• Finally, the oxygen permeating film was removed by being dissolved with a solvent, thereby providing the piezoelectric device of the invention.
  • Using a thermo microscope, whether the intensity of the electric field exerted on the piezoelectric material at the edge portion of the upper electrode gradually decreased along the direction from the central area toward the edge surface of the upper electrode was indirectly evaluated in the same manner as in Example 1. The temperature distribution was measured in the same manner as in Example 1 under drive conditions of drive voltage of 30 V and drive frequency of 100 kHz. The temperature was 55° C. at the main portion of the upper electrode, whereas, at the edge portion, the temperature gradually decreased along the direction from the central area toward the edge surface of the upper electrode, and the temperature was 25° C. at the edge of the upper electrode.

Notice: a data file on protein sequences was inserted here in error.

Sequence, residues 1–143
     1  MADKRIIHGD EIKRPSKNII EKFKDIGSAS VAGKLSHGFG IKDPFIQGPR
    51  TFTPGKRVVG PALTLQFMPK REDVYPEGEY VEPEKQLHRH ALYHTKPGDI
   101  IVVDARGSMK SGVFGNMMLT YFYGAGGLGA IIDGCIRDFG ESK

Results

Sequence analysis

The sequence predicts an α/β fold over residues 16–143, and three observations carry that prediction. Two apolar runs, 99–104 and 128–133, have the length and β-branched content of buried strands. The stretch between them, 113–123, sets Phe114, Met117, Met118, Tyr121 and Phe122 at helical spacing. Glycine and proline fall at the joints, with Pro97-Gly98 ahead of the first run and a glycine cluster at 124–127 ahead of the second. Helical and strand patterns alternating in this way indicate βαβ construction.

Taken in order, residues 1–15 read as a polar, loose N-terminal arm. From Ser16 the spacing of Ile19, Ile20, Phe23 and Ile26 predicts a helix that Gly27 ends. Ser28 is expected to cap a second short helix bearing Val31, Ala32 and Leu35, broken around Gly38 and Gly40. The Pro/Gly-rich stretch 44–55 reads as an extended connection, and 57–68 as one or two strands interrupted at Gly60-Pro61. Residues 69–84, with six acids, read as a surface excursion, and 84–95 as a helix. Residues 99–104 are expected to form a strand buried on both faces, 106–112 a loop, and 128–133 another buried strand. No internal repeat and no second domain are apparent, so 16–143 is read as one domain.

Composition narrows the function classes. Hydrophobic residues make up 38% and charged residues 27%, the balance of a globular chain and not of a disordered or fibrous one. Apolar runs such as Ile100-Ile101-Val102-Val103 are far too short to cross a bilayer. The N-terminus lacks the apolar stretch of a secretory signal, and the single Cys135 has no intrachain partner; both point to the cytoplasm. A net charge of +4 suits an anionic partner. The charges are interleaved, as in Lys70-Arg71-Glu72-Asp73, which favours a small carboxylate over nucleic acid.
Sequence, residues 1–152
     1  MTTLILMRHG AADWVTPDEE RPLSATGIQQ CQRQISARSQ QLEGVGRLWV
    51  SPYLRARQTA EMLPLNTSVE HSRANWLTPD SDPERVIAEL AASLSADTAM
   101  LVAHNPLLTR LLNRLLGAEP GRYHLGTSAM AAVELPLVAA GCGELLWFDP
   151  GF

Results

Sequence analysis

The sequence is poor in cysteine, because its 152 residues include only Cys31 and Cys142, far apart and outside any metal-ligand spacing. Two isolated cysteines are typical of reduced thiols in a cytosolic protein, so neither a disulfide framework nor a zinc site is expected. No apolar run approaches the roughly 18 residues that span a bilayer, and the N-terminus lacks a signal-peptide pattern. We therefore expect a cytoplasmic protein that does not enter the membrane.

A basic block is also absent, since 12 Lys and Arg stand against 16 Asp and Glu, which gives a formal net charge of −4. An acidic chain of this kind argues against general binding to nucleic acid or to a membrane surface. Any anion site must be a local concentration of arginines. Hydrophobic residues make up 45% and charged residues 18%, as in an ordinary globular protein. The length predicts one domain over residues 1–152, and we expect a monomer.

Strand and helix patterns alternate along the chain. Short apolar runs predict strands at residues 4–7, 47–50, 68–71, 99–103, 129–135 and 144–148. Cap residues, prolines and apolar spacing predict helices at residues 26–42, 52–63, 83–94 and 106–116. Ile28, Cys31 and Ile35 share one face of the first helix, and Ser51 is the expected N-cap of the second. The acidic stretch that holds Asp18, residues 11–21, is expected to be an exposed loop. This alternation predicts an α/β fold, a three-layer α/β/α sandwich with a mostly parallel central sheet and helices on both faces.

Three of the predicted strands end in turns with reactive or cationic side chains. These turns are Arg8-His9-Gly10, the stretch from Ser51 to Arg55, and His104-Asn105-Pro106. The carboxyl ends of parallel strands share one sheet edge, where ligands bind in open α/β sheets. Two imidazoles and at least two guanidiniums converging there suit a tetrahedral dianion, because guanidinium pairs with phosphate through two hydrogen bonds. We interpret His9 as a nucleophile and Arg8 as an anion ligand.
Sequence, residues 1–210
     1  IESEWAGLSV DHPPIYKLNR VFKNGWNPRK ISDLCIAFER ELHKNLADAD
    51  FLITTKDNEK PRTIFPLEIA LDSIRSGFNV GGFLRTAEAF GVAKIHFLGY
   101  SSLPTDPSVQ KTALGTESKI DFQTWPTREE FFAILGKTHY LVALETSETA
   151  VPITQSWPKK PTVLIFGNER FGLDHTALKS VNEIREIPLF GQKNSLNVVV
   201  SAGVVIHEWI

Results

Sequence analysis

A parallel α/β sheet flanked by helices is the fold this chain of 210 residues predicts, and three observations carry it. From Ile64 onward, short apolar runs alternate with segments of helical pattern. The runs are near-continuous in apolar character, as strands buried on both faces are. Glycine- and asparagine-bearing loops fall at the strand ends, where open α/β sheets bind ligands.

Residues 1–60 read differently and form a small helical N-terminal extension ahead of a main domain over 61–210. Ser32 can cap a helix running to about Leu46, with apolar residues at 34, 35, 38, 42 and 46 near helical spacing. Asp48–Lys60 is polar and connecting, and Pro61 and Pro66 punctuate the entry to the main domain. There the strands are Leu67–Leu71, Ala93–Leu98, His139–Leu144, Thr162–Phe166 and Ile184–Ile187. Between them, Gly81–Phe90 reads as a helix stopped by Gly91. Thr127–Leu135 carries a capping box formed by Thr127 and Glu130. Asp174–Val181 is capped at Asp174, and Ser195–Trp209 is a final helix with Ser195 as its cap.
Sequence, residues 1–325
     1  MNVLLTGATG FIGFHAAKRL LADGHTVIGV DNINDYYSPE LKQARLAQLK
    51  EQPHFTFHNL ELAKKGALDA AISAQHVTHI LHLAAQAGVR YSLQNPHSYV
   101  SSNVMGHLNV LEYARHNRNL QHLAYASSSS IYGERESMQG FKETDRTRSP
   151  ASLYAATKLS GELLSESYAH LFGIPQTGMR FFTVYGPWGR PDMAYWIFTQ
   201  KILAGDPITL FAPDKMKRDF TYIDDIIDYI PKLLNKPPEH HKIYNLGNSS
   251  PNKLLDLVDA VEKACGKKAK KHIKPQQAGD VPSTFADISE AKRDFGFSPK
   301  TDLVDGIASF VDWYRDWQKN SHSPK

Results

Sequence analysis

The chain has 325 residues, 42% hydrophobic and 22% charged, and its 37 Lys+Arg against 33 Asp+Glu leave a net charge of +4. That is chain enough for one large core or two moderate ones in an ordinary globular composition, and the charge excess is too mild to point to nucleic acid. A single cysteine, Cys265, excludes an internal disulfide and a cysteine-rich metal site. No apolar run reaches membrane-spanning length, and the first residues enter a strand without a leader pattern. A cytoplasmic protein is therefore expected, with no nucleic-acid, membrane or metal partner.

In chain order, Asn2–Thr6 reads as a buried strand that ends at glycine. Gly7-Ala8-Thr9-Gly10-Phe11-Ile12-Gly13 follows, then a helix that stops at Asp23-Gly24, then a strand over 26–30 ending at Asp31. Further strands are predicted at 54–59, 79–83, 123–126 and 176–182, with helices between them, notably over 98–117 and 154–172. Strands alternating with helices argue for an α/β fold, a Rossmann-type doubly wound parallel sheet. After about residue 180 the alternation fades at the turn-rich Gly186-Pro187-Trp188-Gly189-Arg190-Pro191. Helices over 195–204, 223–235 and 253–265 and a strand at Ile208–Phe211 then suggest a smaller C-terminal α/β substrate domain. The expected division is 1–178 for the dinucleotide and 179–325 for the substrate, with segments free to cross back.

• The durability life was measured in the same manner as in Example 1, and was found to be about 30 billion cycles, which was higher than the target durability for practical use of 10 billion cycles.
  • Example 4
  • A piezoelectric device of the invention was provided in the same manner as in Example 3, except that the upper electrode was an Ir electrode. Similarly to Example 3, the formed upper electrode had the gradient composition structure. The durability life was measured in the same manner as in Example 1, and was found to be about 30 billion cycles, which was higher than the target durability for practical use of 10 billion cycles.